Five transposon mutants were no longer able to kill the dinoflagellate (pattern 3) (Figure 4). With one of these mutants, Dshi_3702, which had a fatty acid hydroxylase kinactivated, the algae grew similar to an axenic culture supplemented with B12, but worse than in a co-culture with D. shibae lacking the entire 191 kb plasmid (Δ191 in Figure 4; Wang et al., 2015). Thus, there was no probiotic effect of this bacterial strain, although it was apparently able to provide B12 to the algae. The other four mutants showed growth similar to the D. shibae strain lacking the entire 191 kb plasmid. In transposon mutant Dshi_3634 a small 75 amino acid hypothetical protein is knocked out. Three transposon mutations (Dshi_3684, Dshi_3685 and Dshi_3686) were in genes that are organized in an operon. While Dshi_3684 is a hypothetical protein, Dshi_3685 encodes a member of the bioY protein family and Dshi_3686 is a substrate binding protein, which is part of an ABC transporter. The BioY proteins, encoding a high-affinity substrate-binding protein that interacts with the ABC transport protein, are involved in the uptake of biotin (Hebbeln et al., 2007; Finkenwirth et al., 2013).


Figure 4. Co-cultivation pattern type 3 (killer genes): No killing of the dinoflagellate in co-culture with the respective transposon mutant strain of D. shibae was observed. Controls as in Figure 2.


In this study we examined the effect of transposon mutants of genes on the “killer plasmid” of D. shibae on the co-culture with P. minimum in L1 medium lacking vitamin B12 to identify genes required for symbiosis (e.g., supply of vitamin B12) or the killing of the dinoflagellate. Unexpectedly, we found that the majority of the inactivated genes (20 out of 28) were actually required to allow growth of the dinoflagellate beyond an axenic control that lacked B12 in the culture medium. Thus, these genes were necessary to provide B12 to the dinoflagellate. The 191 kb plasmid is therefore not only a killer plasmid, but also a symbiosis plasmid.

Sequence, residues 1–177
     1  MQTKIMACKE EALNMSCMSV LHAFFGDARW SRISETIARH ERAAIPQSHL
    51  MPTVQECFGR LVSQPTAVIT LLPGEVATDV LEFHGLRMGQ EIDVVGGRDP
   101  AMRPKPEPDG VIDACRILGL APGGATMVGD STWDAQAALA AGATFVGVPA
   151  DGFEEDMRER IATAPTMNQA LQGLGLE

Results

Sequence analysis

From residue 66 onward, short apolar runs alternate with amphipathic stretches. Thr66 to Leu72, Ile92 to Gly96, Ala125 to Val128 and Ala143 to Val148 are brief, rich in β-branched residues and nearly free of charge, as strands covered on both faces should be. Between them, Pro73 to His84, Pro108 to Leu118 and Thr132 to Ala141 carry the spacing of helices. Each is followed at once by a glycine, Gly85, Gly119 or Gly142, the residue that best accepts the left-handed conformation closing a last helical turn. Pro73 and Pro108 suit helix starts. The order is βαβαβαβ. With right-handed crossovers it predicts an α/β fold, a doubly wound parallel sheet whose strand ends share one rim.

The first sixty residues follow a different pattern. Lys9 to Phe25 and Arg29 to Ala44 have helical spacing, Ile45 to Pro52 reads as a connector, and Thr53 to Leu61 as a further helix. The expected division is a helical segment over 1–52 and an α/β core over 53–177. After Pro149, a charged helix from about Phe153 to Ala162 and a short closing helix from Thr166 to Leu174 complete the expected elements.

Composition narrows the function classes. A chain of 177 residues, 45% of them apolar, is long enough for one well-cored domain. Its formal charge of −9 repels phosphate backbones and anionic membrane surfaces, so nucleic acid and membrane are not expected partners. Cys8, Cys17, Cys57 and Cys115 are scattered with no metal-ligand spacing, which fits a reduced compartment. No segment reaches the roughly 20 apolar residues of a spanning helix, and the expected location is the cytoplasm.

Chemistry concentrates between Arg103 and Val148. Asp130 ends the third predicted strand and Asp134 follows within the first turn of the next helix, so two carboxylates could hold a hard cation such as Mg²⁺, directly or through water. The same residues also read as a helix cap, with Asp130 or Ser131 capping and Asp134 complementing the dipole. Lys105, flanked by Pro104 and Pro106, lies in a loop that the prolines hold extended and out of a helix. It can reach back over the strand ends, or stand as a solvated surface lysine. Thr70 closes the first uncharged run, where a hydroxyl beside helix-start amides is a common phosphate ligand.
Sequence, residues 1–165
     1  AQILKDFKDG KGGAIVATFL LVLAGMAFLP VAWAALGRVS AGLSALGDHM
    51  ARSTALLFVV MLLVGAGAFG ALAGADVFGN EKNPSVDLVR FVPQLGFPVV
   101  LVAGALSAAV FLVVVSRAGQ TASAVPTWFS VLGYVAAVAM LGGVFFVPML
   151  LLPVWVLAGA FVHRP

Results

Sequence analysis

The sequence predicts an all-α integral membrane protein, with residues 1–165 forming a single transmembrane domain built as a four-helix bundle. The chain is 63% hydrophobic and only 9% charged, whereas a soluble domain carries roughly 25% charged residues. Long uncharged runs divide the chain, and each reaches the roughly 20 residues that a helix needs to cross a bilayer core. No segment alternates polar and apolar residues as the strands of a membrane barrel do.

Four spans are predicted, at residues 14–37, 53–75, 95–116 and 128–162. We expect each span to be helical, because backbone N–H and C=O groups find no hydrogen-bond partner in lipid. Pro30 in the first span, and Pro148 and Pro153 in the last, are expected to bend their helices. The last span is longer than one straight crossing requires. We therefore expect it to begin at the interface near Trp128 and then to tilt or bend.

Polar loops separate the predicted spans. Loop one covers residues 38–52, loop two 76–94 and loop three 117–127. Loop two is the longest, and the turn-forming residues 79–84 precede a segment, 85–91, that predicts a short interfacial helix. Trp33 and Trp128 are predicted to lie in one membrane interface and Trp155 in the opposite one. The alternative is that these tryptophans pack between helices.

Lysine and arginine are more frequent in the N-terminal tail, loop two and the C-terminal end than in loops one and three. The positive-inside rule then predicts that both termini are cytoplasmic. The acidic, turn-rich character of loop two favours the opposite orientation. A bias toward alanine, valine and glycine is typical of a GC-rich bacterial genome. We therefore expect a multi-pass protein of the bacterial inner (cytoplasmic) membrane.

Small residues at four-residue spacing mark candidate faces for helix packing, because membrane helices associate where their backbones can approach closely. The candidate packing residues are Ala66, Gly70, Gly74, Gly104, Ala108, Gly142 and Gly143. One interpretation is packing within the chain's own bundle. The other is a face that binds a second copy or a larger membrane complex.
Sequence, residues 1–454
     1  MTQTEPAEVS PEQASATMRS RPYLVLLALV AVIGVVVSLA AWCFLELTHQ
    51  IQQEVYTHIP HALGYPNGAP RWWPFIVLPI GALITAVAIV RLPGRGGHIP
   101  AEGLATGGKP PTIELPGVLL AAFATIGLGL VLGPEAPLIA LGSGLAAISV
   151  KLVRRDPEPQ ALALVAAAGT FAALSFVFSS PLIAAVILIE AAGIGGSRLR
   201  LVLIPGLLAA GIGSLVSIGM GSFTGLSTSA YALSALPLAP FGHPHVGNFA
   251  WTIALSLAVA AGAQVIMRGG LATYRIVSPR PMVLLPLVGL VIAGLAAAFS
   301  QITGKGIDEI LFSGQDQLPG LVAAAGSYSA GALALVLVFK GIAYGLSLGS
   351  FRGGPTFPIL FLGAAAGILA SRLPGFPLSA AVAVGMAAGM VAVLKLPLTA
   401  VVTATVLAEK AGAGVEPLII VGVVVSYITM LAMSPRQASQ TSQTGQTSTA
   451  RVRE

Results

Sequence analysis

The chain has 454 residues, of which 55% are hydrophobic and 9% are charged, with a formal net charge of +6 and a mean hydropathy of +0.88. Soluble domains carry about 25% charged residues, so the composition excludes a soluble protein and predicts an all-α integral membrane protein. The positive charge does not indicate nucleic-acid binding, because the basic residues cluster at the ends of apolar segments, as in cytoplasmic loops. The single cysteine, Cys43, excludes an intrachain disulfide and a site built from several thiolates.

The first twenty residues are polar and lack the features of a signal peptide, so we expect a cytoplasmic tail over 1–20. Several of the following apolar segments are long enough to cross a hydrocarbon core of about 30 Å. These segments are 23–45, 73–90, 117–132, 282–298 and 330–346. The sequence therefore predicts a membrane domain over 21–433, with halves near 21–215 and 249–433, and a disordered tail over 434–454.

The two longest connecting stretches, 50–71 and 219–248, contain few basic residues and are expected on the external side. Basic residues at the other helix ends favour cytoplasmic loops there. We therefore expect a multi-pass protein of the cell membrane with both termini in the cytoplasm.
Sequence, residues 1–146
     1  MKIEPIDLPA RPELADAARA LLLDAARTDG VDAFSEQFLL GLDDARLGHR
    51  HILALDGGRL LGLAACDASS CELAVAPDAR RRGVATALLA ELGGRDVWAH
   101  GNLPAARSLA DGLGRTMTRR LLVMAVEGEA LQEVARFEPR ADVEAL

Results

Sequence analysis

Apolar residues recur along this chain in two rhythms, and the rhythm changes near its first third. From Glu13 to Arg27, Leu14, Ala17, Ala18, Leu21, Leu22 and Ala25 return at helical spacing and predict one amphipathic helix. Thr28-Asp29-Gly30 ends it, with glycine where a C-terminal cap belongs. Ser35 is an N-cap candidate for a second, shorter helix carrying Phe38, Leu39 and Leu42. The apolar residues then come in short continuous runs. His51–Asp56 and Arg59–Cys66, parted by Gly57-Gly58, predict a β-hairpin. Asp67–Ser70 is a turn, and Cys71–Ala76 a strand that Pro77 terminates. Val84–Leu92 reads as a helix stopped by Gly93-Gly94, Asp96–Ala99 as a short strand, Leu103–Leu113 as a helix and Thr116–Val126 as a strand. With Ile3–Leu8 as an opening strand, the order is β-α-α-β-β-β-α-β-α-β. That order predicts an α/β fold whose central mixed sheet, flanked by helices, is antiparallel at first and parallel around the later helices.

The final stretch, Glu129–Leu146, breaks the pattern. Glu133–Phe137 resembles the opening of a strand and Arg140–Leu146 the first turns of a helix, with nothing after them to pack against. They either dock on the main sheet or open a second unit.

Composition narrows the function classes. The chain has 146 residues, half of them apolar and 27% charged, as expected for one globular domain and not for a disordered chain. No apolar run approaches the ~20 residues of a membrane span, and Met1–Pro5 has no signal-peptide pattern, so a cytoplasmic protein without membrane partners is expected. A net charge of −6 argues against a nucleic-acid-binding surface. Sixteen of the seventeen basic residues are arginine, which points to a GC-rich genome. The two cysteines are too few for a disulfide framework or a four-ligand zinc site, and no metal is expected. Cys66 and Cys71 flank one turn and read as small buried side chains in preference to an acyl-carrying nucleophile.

Among them several genes belonged to the T4SS of D. shibae. T4SS are bacterial nanomachines that can transport DNA into other bacteria via conjugation, and they are also the only known biological mechanism by which DNA can be introduced into Eukaryotes (Lacroix and Citovsky, 2016). They have evolved to deliver proteins and effector molecules into eukaryotes and thus play a large role for pathogenesis (Odenbreit et al., 2000).

In our study T4SSs that were made dysfunctional by transposon insertions did not allow growth of the dinoflagellate beyond that of an axenic control in medium lacking vitamin B12. Part of the T4SS are pili, in Agrobacterium encoded by VirB5 and VirB2 (Souza et al., 2015; Lacroix and Citovsky, 2016). These pili might be required to establish a close spatial relationship between algae and bacterium to make exchange of nutrients between them more efficient. However, the T4SS might also be fully functional and deliver DNA, proteins or small molecules to the algae. The T4SS of D. shibae was already shown to deliver DNA to other bacteria (Patzelt et al., 2016). Just like the virB gene cluster of Agrobacterium, it might also be able to deliver DNA into Eukaryotes. It is not possible to predict the function of a T4SS from its sequence (Odenbreit et al., 2000). These nanomachines might also transfer B12, precursors of it, or protein-vitamin complexes into the algae via the T4SS. Interestingly, an almost identical T4SS is located on the 126 kb plasmid. It is possible that the two T4SS have different functions.